National Forest Martyrs Day is observed on September 11 to pay tribute to those who sacrificed their lives to protect forests and wildlife. Given how important forests are for earning a livelihood in many parts of the country, the Ministry of Environment, Forest and Climate Change declared in 2013 that a day should be set aside in honour of forests and those who work to protect them.
September 11 was chosen to be observed as the National Forest Martyrs Day as it was on this day in 1730, that the infamous Khejarli massacre took place. Maharaja Abhay Singh of Rajasthan gave an order to cut down the Khejarli trees in the forest.
People from the Bishnoi community protested against the order as they considered Khejarli trees to be sacred. As a mark of protest, a woman named Amrita Devi offered her head to save Khejarli trees from being cut down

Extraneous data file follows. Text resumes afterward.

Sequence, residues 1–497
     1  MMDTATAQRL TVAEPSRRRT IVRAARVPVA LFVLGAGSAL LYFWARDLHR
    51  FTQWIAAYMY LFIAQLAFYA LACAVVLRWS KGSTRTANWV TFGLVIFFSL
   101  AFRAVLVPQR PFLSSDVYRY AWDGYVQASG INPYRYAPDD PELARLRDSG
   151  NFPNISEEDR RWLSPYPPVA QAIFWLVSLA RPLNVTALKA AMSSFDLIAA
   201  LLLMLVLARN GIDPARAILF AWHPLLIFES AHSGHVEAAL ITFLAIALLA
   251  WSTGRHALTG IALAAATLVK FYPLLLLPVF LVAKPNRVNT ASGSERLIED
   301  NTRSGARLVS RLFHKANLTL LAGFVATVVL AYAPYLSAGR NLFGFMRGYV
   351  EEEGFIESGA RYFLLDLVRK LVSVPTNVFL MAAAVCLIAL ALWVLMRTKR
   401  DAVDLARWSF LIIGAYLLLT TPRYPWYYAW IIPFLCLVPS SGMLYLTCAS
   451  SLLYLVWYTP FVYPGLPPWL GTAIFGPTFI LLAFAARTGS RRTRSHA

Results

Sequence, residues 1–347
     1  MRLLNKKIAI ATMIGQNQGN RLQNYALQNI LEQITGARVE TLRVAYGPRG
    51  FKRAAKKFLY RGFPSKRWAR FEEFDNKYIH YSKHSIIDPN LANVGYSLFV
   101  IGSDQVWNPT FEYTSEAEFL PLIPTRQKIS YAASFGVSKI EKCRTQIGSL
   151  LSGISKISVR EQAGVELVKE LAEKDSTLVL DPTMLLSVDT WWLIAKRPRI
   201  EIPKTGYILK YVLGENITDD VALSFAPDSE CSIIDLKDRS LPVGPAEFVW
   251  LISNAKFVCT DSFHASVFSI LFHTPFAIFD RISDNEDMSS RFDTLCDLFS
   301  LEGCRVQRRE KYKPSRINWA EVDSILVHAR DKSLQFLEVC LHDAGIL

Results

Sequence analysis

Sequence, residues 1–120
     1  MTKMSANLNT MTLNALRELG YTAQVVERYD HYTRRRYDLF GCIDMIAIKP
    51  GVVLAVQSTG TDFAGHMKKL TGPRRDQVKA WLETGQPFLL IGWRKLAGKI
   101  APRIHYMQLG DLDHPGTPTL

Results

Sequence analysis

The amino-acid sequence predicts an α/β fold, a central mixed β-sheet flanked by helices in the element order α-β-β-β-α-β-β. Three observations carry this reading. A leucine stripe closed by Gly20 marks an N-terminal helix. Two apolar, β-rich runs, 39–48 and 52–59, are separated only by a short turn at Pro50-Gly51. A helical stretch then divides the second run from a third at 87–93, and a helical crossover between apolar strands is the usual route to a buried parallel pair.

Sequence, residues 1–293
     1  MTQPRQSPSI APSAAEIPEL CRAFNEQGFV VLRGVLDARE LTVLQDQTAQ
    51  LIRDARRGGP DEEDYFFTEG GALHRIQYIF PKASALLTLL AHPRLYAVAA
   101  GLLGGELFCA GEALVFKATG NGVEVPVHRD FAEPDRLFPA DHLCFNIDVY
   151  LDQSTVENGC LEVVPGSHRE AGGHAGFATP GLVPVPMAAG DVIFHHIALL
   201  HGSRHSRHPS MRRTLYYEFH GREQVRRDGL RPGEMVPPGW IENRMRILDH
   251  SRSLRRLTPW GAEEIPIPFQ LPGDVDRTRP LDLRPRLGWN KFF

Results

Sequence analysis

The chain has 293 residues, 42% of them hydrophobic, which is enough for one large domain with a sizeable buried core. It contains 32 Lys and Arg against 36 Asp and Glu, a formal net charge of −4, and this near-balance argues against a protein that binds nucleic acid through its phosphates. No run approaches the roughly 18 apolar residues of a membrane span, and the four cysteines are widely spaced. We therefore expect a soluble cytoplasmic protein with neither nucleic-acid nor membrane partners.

However, the Maharaja’s men didn’t think twice and beheaded Amrita Devi. They went on to kill over 350 people that day, including young children of Amrita Devi.
When the news of the massacre reached the Maharaja, he was shaken by the incident and withdrew his order. He apologized to the people and praised their dedication to the cause of protecting forests. Maharaja Abhay Singh went a step further and issued a decree that forbade the cutting of trees and hunting of wildlife in the forest in the future.
The observance of the National Forest Martyrs is marked by several events aimed at creating awareness about protecting forests and the environment at large. The day holds a lot of significance in the present scenario when depleting green cover is among the greatest challenges in front of the world.